These last number of weeks we have seen some unseasonably warm weather for early Autumn.
One of the drawbacks of the milder weather is that as well as the grass keeping a good colour, and growing to a good length, weeds have also been popping up. Weeds are one of the greatest enemies of the garden, because they rob the soil of the nutrients that help plants, and crops to grow.
There are, of course, different ways of dealing with weeds. You could take a hoe and chop them down, but if you do that you could also end up chopping the good plants by accident. Or you could use weed killer. But the biggest problem with weed killer is that it does not know a thistle from a tomato plant. Sometimes it is best just to leave the weeds alone, at least that's sometimes what farmers do, until it is time to harvest the crop. Then you can separate the weeds from the good plants.
Jesus told a story that compared the world to a field. The owner of the field sowed good seed in it. While his workers slept, an enemy came along and sowed bad seed. But the owner advised against uprooting the tares, saying, "Nay, lest while ye gather up the tares, Ye root up also the wheat with them. Let both grow together until the harvest...".
This parable has some vital spiritual lessons. First, the good seed represents the people of God, those who have been thoroughly converted, and who will, by the grace of God, grow to true spiritual maturity. They are made like Christ, who described Himself as a corn of wheat that falls into the ground.
Second, the bad seed represents the "children of the wicked one". Sometimes it is hard to tell the good seed and the bad seed apart, and it is only after a long time that the counterfeit is discerned. The tares, while growing, look like wheat, but when full grown the ears are long and the grains almost black.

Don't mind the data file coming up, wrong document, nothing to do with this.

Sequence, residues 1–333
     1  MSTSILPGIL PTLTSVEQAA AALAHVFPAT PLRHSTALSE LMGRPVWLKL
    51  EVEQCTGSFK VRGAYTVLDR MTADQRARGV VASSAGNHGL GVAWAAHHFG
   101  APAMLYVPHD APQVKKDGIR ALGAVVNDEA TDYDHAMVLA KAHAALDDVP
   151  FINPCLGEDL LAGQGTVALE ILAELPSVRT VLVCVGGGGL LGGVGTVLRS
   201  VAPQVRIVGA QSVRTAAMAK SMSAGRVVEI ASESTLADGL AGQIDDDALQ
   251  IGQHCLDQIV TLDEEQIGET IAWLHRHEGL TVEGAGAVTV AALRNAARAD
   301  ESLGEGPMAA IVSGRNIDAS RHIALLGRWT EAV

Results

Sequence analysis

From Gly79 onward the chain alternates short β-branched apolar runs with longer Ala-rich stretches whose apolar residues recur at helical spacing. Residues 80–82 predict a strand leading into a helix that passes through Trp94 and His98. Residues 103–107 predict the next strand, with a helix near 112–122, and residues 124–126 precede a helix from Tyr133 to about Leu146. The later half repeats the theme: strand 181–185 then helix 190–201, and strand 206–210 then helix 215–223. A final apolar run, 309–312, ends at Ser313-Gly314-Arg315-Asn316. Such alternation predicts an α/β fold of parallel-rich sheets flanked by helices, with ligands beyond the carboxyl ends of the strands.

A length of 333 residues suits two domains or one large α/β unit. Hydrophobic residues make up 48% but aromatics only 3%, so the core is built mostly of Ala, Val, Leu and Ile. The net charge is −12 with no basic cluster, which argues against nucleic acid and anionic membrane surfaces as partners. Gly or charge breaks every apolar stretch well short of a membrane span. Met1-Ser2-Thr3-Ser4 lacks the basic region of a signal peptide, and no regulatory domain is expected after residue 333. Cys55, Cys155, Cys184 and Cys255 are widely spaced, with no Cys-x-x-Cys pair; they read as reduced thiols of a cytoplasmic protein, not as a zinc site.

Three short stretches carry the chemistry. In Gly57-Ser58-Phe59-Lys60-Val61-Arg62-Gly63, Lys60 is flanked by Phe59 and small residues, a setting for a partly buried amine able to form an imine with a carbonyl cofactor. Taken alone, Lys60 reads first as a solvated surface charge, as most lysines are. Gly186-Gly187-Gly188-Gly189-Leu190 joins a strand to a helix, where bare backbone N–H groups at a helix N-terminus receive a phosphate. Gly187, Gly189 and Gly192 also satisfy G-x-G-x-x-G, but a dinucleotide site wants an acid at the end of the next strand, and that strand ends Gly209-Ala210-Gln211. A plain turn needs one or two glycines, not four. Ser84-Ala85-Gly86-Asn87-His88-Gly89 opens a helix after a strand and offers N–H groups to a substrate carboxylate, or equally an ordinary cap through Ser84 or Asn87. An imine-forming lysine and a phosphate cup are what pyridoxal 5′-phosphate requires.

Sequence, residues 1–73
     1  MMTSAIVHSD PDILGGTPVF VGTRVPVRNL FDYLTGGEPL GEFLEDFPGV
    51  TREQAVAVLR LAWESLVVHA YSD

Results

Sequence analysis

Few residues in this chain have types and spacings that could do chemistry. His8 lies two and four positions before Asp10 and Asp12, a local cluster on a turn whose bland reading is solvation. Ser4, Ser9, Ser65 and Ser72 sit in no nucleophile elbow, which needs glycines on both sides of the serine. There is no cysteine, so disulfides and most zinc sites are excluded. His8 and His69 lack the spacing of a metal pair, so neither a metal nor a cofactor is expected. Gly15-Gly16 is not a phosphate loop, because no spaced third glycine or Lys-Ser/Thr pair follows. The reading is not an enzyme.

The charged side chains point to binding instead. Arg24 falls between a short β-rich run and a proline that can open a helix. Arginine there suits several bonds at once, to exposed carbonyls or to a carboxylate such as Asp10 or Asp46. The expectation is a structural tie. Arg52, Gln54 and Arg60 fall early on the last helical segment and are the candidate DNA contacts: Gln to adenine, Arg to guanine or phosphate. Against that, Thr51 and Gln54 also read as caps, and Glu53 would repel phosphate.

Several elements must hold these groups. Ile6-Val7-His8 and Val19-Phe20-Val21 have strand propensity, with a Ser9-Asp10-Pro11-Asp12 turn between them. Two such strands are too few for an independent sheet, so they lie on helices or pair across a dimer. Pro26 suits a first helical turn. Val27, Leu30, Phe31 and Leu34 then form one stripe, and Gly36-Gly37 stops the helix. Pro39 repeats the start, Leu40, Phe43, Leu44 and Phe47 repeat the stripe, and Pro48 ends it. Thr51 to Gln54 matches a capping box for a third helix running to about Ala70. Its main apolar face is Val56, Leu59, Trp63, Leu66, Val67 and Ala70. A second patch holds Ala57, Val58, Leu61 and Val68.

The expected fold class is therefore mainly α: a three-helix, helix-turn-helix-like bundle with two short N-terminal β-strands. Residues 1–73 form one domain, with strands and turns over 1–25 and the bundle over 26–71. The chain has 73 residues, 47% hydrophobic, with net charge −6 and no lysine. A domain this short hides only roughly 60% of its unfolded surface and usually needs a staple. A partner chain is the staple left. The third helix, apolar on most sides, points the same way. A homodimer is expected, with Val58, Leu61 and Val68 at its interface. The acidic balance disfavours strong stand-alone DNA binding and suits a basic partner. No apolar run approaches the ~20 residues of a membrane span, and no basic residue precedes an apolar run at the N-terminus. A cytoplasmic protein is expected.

The day will come when those who use the right language, practice attendance at the house of God, pray, sit at the Lord's Table, are baptised, who go through all the motions of religion, but whose Christianity is mere form, will be discerned.
Third, Jesus tells us the destiny of the tares. The tares are gathered in bundles and cast into the fire. Matthew Henry Comments; "Hell is a furnace of fire, kindled by the wrath of God and the tares cast into it will be ever in the consuming, but never consumed. Sinners of the same sort will be bundled together in the great day: a bundle of atheists, a bundle of epicures, a bundle of persecutors, a bundle of hypocrites. Those who have been associates in sin, will be so in shame and sorrow: and it will be an aggravation of their misery, just as the society of glorified saints will add to the bliss of the saved. Let us pray as David, "Lord, gather not my soul with sinners (Ps. 26:9), but let us be bound in the bundle of life with the Lord our God," (1 Samuel 25:29).